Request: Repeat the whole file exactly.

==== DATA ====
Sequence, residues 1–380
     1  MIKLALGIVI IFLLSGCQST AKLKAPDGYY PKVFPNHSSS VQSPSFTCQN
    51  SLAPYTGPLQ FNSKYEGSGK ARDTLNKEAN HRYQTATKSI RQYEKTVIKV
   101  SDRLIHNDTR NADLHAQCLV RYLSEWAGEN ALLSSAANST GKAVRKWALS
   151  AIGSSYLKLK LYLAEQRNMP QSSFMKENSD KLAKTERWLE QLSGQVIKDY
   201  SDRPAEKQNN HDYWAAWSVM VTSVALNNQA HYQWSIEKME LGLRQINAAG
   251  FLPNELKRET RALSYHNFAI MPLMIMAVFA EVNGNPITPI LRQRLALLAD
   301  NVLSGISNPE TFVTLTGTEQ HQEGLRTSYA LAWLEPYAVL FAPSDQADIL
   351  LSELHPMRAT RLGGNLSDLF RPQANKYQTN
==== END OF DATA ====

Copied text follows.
Sequence, residues 1–380
     1  MIKLALGIVI IFLLSGCQST AKLKAPDGYY PKVFPNHSSS VQSPSFTCQN
    51  SLAPYTGPLQ FNSKYEGSGK ARDTLNKEAN HRYQTATKSI RQYEKTVIKV
   101  SDRLIHNDTR NADLHAQCLV RYLSEWAGEN ALLSSAANST GKAVRKWALS
   151  AIGSSYLKLK LYLAEQRNMP QSSFMKENSD KLAKTERWLE QLSGQVIKDY
   201  SDRPAEKQNN HDYWAAWSVM VTSVALNNQA HYQWSIEKME LGLRQINAAG
   251  FLPNELKRET RALSYHNFAI MPLMIMAVFA EVNGNPITPI LRQRLALLAD
   301  NVLSGISNPE TFVTLTGTEQ HQEGLRTSYA LAWLEPYAVL FAPSDQADIL
   351  LSELHPMRAT RLGGNLSDLF RPQANKYQTN